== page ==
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Wednesday, March 5, 2008

Why Do We Celebrate International Women’s Day?

The International Women’s day (IWD) is celebrated each year on 8th March. However, this year the IWD will be observed on the 6th March, 2008 at the United Nations. The theme for this year 2008 is: “Investing in Women and Girls”.

On International Women’s Day the women are recognized for their achievements without regard to ethnic, national, linguistic, cultural, economic or political divisions all over the world and thus is a day that is celebrated in many countries all around the world. This is an occasion for us to look back on past struggles and accomplishments and for looking forward to untapped potential and opportunities awaiting future generations of women.

It was in 1975, that the United Nations began celebrating International Women’s Day on 8th March. This was followed, two years later (Dec, 1977), by the General Assembly adopting a resolution that proclaimed a United Nations day for Women’s Rights and International Peace to be observed on any day of the year by Member states. This resolution recognized the role of women in peace efforts and development and urged an end to discrimination and an increase of support for women’s full and equal participation.

It was in the early twentieth century that International Women’s Day first emerged from the activities of labor movements in North America and across Europe.

1909: On 28 February, The first National Woman's Day was observed in the United States, in honour of the 1908 garment workers’ strike in New York, where women protested against working conditions.

1910: The Socialist International held a meeting in Copenhagen to establish an International Women's Day to honour the movement for women's rights and to build support for achieving universal suffrage for women. This proposal had unanimous approval of over 100 women from 17 countries, which included the first three women elected to the Finnish Parliament. No fixed date was selected for the observance.

1911: The Copenhagen initiative marked the International Women's Day for the first time (19 March) in Austria, Denmark, Germany and Switzerland, where more than one million women and men attended rallies. In addition to the right to vote and to hold public office, they demanded women’s rights to work, to vocational training and to an end to discrimination on the job.

1913-1914: International Women's Day also became a mechanism for protesting World War I. As part of the peace movement, Russian women observed their first International Women’s Day on the last Sunday in February. Elsewhere in Europe, on or around 8 March of the following year, women held rallies either to protest the war or to express solidarity with other activists.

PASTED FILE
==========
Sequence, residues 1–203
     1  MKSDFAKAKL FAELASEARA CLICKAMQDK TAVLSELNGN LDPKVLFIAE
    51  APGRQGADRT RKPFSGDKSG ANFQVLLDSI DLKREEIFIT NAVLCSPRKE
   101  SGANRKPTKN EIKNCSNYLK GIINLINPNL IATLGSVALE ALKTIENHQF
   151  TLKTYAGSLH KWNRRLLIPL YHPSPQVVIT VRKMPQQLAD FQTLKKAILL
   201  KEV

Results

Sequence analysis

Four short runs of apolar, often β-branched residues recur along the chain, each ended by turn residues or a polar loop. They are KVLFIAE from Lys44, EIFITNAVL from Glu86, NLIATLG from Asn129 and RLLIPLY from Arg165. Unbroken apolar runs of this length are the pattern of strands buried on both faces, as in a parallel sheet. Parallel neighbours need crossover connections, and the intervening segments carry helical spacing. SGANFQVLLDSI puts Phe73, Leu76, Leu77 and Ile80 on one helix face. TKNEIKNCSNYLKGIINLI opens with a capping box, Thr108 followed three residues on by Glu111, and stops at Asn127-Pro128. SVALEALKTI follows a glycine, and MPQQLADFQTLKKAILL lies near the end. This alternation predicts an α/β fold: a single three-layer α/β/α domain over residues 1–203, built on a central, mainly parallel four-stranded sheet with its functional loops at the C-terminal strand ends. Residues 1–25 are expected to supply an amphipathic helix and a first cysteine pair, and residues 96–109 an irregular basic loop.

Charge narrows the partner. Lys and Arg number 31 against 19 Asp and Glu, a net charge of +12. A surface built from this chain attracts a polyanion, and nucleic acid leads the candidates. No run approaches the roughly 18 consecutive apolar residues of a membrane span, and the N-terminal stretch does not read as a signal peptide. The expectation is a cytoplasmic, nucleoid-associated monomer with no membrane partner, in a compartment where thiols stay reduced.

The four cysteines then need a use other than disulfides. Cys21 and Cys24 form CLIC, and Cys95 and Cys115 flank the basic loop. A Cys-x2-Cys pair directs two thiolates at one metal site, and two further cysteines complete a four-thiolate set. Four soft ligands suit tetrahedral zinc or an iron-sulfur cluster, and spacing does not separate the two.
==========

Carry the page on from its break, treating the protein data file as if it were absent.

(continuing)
1917: Against the backdrop of the war, women in Russia again chose to protest and strike for ‘Bread and Peace’ on the last Sunday in February (which fell on 8 March on the Gregorian calendar). Four days later, the Czar abdicated and the provisional Government granted women the right to vote.
Since those early years, International Women's Day has assumed a new global dimension for women in developed and developing countries alike.

The growing international women's movement, which has been strengthened by four global United Nations women's conferences, has helped make the commemoration a rallying point to build support for women's rights and participation in the political and economic arenas. Increasingly, International Women's Day is a time to reflect on progress made, to call for change and to celebrate acts of courage and determination by ordinary women who have played an extraordinary role in the history of their countries and communities.

The United Nations and Gender Equality

The Charter of the United Nations, signed in 1945, was the first international agreement to affirm the principle of equality between women and men. Since then, the UN has helped create a historic legacy of internationally agreed strategies, standards, programmes and goals to advance the status of women worldwide.
Over the years, the UN and its technical agencies have promoted the participation of women as equal partners with men in achieving sustainable development, peace, security, and full respect for human rights. The empowerment of women continues to be a central feature of the UN’s efforts to address social, economic and political challenges across the globe.


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